IP TIPS and WATCH-OUTS in Indonesia

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indonesiaIn this blog post, we will provide you with all the basics you need to successfully protect your Intellectual Property Rights in Indonesia. Known for its diverse and rapidly growing market, Indonesia provides opportunities for many European SMEs interested to expand their business into South-East Asia. This blog post will give a concise overview of IP tips and watch-outs for Indonesia – enjoy.

General IP TIPS and WATCH-OUTS in Indonesia

  • Indonesia recognises ‘well–known’ trade marks (recognition of this is made on a case-by-case basis), but only to the extent that they may be used to prevent a third party from registering a similar trade mark, at least in theory. Often, ‘bad-faith’ registrations (intentionally registering someone else’s pre-existing IP) get registered by third parties and the rightful owner has to go through the expensive process of filing proceedings in the commercial court to cancel these bad-faith registrations.
  • When the need arises to enforce rights through the authorities, it is best that IP rights owners be aware of recent media coverage of corruption cases in Indonesia. The fact that corruption cases have been surfaced demonstrates the government’s efforts at cleaning up corruption cases; however it is still worth discussing a potential corruption risk with your attorney when enforcing your rights via the authorities.
  • Because IP rights enforcement in Indonesia can still be problematic, it is essential to register your rights there in order to stand a chance of defending them. Intellectual Property Rights are territorial in nature, which means that registrations in one country’s jurisdiction are not automatically enforceable in others, and therefore registrations in multiple countries may be necessary, particularly for businesses looking to internationalise. Indonesia operates under a ‘first-to file’ system, meaning that the first person to file an IP right in the Indonesian jurisdiction will own that right once the application is granted.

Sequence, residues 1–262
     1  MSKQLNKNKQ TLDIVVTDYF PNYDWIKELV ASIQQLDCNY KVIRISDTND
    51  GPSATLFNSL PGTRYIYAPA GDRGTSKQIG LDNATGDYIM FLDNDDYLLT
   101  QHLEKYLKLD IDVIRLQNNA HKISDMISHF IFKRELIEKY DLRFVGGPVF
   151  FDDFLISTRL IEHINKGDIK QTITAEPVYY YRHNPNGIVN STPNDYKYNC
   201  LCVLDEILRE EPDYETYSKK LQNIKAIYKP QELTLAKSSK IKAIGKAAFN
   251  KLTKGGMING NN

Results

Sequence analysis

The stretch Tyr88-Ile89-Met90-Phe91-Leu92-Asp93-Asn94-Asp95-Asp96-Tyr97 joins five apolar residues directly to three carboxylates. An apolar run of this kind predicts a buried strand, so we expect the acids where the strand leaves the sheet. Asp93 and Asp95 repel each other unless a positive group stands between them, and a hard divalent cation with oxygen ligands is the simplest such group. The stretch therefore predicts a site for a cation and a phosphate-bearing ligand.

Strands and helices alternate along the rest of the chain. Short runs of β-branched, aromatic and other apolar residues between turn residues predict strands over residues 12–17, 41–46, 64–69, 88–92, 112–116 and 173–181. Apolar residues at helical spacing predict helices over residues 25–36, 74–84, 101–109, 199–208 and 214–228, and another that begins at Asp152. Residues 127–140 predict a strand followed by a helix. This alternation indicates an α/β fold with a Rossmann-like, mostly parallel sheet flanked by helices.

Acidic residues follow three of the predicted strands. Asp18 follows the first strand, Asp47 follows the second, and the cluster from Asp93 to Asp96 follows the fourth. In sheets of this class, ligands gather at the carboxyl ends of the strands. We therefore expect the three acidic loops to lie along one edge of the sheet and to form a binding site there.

Continue reading “IP TIPS and WATCH-OUTS in Indonesia” »

Handling of your Trade Secrets in South-East Asia

MP900285073[1]Many European SMEs are thinking about bringing their technology to South-East Asia, but are concerned about IP issues. In today’s blog post, we discuss another IP protection measure – namely trade secrets. Trade secrets are a valuable but often overlooked means of IP protection that SMEs wishing to bring their technology to South-East Asia should be aware of, as good trade secret protection can be the key to successfully bringing your technology to South-East Asia. 

What are Trade Secrets?

Trade secrets are a highly valuable form of intellectual property that nearly all businesses in all industries and sectors possess. However, they are frequently overlooked by businesses, partly because there is confusion about what actually constitutes a trade secret. So what is a trade secret?

According to the World Intellectual Property Organization (WIPO), any confidential business information that is of considerable commercial value to businesses and that provides an enterprise with a competitive edge may be considered a trade secret. In practice, this could be:

  • sales methods
  • distribution methods
  • consumer profiles
  • advertising plans
  • pricing strategies
  • lists of suppliers and clients
  • manufacturing processes

In other words, more often than not trade secrets are the ‘know-how’ that a business builds up over time. Typically, the longer the SME is in business the more valuable its trade secrets will become, and the more its business grows the more its competitors will seek to discover this valuable working knowledge. Therefore, it is increasingly important to take steps to protect trade secrets.